To the side is the private mosque, known as the Shah’s mosque. Daylighting illuminates verses on walls. As the sun rotates and casts light on various exposures, appropriate poetry is spotlighted naturally. The inside of the dome is also decorated with flecks of gold to cleverly simulate a spotlit tromp l’oeil effect.

This is only a glimpse of the many beautiful buildings with intricate floral tilework and awe-inspiring domes that are signatory to Isfahani architecture. The Shah’s Palace contained a music room with deep cutouts that made you feel as if you were inside a gigantic violin. And the Entertainment Center for the Shah displayed beautiful period paintings. While depiction of human figures was not allowed, these paintings represented non-Muslims such as Georgians or Indians. Some faces on the paintings were later marred or removed.

Persians enjoy strolling in the world-famous gardens built on the desert oasis and along the Zayandeh River. Sadly, the river is dammed to provide water to Yasd and farmers in the desert and as a result it runs dry. The Khaju Bridge that originally spanned the river is used as a leisurely stroll for Isfahanians. Local singers gather under the bridge to spar with other talented folk opera afficinados.  Here’s a short video of one of the talented regulars:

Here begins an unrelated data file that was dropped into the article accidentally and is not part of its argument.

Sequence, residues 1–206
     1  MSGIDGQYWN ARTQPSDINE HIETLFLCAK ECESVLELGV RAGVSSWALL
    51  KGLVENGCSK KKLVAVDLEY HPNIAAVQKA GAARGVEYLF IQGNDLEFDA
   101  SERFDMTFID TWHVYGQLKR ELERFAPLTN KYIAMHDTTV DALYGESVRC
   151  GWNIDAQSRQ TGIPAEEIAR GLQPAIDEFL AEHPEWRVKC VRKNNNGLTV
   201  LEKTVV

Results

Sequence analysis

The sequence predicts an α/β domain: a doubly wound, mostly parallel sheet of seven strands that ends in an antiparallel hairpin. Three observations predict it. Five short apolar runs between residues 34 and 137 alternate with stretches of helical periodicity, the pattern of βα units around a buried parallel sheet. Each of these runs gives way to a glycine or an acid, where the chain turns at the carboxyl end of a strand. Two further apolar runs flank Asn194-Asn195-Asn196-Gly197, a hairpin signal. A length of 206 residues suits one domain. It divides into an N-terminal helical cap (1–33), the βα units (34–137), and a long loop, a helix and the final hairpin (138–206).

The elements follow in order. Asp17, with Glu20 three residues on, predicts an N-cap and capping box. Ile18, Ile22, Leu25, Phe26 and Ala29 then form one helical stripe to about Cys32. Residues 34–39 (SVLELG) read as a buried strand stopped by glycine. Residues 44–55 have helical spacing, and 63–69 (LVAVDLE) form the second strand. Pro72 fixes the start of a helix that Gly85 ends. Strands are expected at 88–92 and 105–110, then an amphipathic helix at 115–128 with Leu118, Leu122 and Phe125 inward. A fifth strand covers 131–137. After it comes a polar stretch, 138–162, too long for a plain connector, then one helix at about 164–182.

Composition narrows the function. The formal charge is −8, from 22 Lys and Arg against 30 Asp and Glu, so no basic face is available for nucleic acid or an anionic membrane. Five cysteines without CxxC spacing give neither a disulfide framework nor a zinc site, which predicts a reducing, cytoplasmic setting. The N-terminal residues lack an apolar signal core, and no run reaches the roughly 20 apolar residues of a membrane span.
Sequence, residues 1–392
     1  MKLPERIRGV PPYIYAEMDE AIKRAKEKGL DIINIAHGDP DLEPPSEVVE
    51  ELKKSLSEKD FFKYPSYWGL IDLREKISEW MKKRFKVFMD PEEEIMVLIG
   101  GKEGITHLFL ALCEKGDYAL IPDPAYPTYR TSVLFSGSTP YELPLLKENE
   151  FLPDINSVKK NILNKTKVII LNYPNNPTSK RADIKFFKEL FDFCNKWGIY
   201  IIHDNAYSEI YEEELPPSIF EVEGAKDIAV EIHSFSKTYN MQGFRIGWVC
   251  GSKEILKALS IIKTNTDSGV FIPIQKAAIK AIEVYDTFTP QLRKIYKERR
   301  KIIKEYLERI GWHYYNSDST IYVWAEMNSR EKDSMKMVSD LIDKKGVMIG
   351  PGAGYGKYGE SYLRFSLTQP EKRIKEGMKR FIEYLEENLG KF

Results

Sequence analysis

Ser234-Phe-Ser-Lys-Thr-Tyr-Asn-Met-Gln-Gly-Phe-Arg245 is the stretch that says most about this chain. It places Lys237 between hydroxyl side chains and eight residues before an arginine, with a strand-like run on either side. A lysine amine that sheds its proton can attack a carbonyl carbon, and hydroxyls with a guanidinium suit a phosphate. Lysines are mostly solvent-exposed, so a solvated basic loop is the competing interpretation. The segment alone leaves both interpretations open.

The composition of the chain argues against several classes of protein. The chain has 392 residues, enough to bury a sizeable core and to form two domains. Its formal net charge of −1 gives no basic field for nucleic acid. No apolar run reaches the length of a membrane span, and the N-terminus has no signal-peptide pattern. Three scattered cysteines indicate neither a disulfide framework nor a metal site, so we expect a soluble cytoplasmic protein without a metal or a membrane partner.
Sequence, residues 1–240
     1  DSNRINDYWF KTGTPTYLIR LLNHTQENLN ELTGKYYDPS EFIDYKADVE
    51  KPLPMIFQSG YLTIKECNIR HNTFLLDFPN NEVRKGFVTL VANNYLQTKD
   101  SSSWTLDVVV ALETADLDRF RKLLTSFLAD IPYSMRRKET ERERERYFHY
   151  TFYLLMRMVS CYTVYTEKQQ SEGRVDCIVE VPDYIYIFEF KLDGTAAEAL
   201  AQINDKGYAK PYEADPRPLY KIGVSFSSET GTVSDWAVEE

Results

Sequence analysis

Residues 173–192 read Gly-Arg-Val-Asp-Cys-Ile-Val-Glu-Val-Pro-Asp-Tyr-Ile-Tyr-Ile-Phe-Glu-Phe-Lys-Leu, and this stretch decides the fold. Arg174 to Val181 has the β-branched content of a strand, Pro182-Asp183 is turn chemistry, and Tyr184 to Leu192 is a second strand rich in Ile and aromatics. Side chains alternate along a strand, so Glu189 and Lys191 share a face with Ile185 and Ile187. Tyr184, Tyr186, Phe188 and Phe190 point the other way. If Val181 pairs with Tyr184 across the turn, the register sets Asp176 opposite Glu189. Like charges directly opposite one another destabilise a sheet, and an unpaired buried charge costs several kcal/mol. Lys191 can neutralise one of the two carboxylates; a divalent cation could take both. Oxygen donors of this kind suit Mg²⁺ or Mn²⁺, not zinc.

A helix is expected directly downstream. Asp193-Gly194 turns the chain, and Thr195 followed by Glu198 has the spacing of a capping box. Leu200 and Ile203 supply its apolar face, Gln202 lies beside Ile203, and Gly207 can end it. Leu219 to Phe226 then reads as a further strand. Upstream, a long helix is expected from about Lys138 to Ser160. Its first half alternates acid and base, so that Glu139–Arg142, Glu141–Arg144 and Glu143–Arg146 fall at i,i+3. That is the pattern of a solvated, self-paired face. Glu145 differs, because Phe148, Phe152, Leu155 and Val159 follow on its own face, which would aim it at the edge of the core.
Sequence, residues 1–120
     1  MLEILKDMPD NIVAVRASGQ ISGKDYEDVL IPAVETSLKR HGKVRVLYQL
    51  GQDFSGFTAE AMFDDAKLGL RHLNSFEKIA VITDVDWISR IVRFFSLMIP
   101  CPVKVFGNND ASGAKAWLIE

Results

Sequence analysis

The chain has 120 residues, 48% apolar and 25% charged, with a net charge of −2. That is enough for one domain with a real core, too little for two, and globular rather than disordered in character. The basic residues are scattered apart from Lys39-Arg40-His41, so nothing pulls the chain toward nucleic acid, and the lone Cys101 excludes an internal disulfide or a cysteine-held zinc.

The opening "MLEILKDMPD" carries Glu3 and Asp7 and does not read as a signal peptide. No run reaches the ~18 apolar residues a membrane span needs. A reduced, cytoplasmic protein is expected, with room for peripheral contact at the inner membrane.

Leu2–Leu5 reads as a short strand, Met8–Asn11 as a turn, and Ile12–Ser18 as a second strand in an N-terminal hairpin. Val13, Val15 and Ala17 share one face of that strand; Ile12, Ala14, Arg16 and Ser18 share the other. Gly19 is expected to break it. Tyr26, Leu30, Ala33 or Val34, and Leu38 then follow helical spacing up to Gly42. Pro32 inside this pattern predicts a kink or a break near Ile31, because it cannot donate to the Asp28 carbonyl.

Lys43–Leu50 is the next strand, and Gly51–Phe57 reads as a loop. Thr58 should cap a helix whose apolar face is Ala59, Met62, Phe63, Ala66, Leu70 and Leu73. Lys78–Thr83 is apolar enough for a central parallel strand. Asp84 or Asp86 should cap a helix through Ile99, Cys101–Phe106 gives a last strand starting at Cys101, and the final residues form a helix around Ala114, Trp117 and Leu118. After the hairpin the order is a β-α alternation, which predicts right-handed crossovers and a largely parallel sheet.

While I normally focus on historic architecture and museum artwork, this trip has engaged me in taking more photos of people in the streets. I have not been shy about asking for posed photos of strangers, because they are universally handsome and graceful in their poses and demeanor. You can’t help but want to capture some of this spirit that delights visitors to Iran and endears you to the people.

Where We Haven’t Been

Our itinerary, in case you missed it on the map and on the World Travels 2018 page of https://travelswithmyselfandothers.com, started in Tehran, then south to Shiraz. We are plying our way north to Yasd, Isfahan, and back to Tehran.

Apparently the hottest place on earth is in Iran. Fortunately, it wasn’t on the menu. We got the details from our guide as he drove us from Yasd to Isfahan. A year ago, he took a couple of people out to see sand towers that appear like high rises. He reported to the police before entering the desert and notified them that he and a tourist couple were entering the zone. If you go missing after an hour, they come to get you.

They each brought a bottle of water to drink. On arrival he began to feel faint and told the travelers that he had to leave right away. He found out afterwards that you need to drink water every few minutes in order to stay hydrated. Food shrivels once it hits high temperatures of 76 degrees C. (equivalent to 167 degrees!!)